LocationCard(
                              title: "Location 3",
                              motto: "A Casual Dining Restaurant",
                              address:
                                  "Anadolu Yakası, Aziz Mahmut Hüdayi, 34672 Üsküdar/İstanbul Türkiye",
                            )
                      ],
                    ),
                  ),),
          )],
      ),
    );
  }
}
Enter fullscreen mode Exit fullscreen mode

Now we have some custom cards beneath the map object which also has some initial markers. We will use these custom cards as a button to zoom in the desired marker with a smooth camera animation. To do so, users can easily tab a card to see the zoomed-in location on a Huawei map and explore the surrounding without leaving the page.
Alt Text
Resized Map with Location Cards

Before turning cards into a button we should first set a HuaweiMapController object in order to provide a controller for HuaweiMap, then use this controller on HuaweiMap widgets onMapCreated field to pair map and its controller. Below, I created a controller, and with the help of a simple function, use it in our HuaweiMap object.

 HuaweiMapController mapController;

  void _onMapCreated(HuaweiMapController controller) {
    mapController = controller;
  }

/*
  This section only shows the added line. Remaining code is not changed.
*/
                child: HuaweiMap(
                  initialCameraPosition: CameraPosition(
                    target: _center,
                    zoom: _zoom,
                  ),
                  onMapCreated: _onMapCreated, // Added Line
                  mapType: MapType.normal,
                  tiltGesturesEnabled: true,

/*
  Rest of the code
*/
Enter fullscreen mode Exit fullscreen mode

We now have a controller for non-user camera moves, so let’s use the controller. I wrapped the LocationCards with InkWell widget to provide an onTap functionality. There are several useful methods in plugins CameraUpdate class which enables us to zoom in, zoom out, or change camera position. We will use the newLatLngZoom method to zoom in the stated location then, by using the controller and animateCamera method, we will animate the camera move to our new camera location. You can find the wrapped LocationCard with the CameraUpdate and controller.

InkWell(
     onTap: () {
       CameraUpdate cameraUpdate =
           CameraUpdate.newLatLngZoom(
               _location1, _zoomMarker);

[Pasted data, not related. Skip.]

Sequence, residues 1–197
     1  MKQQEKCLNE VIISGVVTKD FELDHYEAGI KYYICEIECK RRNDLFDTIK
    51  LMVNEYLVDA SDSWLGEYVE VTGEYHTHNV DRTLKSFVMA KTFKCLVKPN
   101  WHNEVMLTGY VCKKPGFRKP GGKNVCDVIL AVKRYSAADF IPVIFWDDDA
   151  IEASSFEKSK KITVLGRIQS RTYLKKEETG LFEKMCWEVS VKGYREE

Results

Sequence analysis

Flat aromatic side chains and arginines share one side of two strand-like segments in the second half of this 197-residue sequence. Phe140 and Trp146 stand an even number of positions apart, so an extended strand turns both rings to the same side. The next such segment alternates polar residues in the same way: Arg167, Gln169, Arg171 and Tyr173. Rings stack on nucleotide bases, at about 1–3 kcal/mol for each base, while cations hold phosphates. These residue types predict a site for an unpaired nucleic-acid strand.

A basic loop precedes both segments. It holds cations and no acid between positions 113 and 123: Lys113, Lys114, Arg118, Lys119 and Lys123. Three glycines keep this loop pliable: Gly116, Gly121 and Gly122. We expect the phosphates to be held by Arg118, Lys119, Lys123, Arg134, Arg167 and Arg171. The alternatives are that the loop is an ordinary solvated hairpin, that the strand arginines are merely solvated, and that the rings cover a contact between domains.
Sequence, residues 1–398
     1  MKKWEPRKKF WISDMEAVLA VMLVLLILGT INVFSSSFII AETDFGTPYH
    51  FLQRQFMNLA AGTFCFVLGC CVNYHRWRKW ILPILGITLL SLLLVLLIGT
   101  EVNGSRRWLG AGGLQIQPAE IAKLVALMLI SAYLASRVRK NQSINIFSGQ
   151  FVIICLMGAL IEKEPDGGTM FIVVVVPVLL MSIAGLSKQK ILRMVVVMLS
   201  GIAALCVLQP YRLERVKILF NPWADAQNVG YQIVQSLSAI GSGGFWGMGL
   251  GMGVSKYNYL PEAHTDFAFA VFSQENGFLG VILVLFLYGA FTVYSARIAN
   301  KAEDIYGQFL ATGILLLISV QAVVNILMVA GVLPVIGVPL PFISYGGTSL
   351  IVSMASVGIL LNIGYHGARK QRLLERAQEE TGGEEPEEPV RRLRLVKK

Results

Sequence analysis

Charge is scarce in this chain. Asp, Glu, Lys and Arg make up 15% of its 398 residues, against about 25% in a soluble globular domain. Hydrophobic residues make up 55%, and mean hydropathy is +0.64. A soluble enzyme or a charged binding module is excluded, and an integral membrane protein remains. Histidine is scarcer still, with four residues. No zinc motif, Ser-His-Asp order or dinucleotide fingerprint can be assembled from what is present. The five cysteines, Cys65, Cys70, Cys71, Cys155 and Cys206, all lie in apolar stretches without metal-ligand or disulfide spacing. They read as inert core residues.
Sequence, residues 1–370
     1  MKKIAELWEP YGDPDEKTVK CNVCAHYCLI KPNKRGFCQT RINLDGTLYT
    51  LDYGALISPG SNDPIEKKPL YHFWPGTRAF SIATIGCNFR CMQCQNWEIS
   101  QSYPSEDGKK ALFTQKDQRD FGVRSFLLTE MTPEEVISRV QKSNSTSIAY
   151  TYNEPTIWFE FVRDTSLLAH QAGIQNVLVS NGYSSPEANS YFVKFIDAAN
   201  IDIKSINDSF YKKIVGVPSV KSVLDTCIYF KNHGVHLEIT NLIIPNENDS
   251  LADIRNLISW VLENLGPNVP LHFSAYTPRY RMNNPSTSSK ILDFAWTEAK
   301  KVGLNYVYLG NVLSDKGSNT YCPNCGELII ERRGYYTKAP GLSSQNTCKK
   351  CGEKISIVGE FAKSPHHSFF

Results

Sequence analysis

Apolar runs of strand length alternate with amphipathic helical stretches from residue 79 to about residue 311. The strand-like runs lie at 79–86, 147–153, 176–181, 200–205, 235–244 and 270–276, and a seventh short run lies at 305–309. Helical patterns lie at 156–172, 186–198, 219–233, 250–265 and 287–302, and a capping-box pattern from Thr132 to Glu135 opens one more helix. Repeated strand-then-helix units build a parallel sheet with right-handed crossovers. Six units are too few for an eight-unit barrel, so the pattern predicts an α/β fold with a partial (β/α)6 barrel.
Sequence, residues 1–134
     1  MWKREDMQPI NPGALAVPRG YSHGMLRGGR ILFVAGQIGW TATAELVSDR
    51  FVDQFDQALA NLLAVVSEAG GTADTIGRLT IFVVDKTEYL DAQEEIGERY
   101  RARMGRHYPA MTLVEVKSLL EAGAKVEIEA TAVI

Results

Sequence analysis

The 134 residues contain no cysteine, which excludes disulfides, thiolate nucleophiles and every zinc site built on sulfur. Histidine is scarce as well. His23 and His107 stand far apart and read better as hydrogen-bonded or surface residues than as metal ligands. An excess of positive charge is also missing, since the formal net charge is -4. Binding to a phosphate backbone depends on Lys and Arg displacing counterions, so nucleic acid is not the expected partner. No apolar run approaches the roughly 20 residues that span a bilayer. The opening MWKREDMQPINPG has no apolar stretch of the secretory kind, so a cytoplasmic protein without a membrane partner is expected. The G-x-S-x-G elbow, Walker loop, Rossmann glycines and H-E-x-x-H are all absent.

mapController.animateCamera(cameraUpdate);
     },
     child: LocationCard(
       title: "Location 1",
       motto: "A Fine Dining Restaurant",
       address:
           "Avrupa Yakası, Cihangir, 34433 Beyoğlu/İstanbul Türkiye",
     )),
Enter fullscreen mode Exit fullscreen mode

The used _zoomMarker variable is a constant double and has a value of 18. Also, the used _location1 variable is the variable we set while creating our markers.

After implementing these steps, tap a card and you will see a smooth camera move animation with the change of zoom level in your HuaweiMap widget. Voila! 🎉
Alt Text

As I mentioned before, you can also set some circles, polylines, or polygons similar to the markers. Furthermore, you can add some on-click actions both to your map and shapes or markers you set. Do not forget to explore other functionalities that Huawei Map Kit Flutter Plugin offers.

I am leaving the project’s GitHub link in case you want to check or try this example by yourself. You may also find LocationCard’s code and other minor adjustments that I made, from the link.
https://github.com/SerdarCanDev/FlutterHuaweiMapTutorial

Conclusion

Since Huawei created its own services, the demand for support to cross-platform frameworks such as Flutter, React Native, Cordova or Xamarin, is increased. To meet these demands Huawei continuously releasing plugins and updates in order to support its developers. We already learned how to use Huawei’s Map Kit in our Flutter projects, yet there are several more official plugins for Huawei Services to explore.

For further reading, I will provide some links in the “References and Further Reading” section including an article which showcases another service. You may also ask any question related to this article in the comments section.
https://developer.huawei.com/consumer/en/hms/huawei-MapKit
https://pub.dev/publishers/developer.huawei.com/packages
Sending Push Notifications on Flutter with Huawei Push Kit Plugin:
https://medium.com/huawei-developers/sending-push-notifications-on-flutter-with-huawei-push-kit-plugin-534787862b4d

For more details, you can go to:
l official website:https://developer.huawei.com/consumer/en/hms
l Documentation page:https://developer.huawei.com/consumer/en/doc/development
l Reddit to join our developer discussion: https://www.reddit.com/r/HMSCore/
l GitHub:https://github.com/HMS-Core
l Stack Overflow:https://stackoverflow.com/questions/tagged/huawei-mobile-services

Top comments (0)

12 Rarely Used Javascript APIs You Need

>> Check out this classic DEV post <<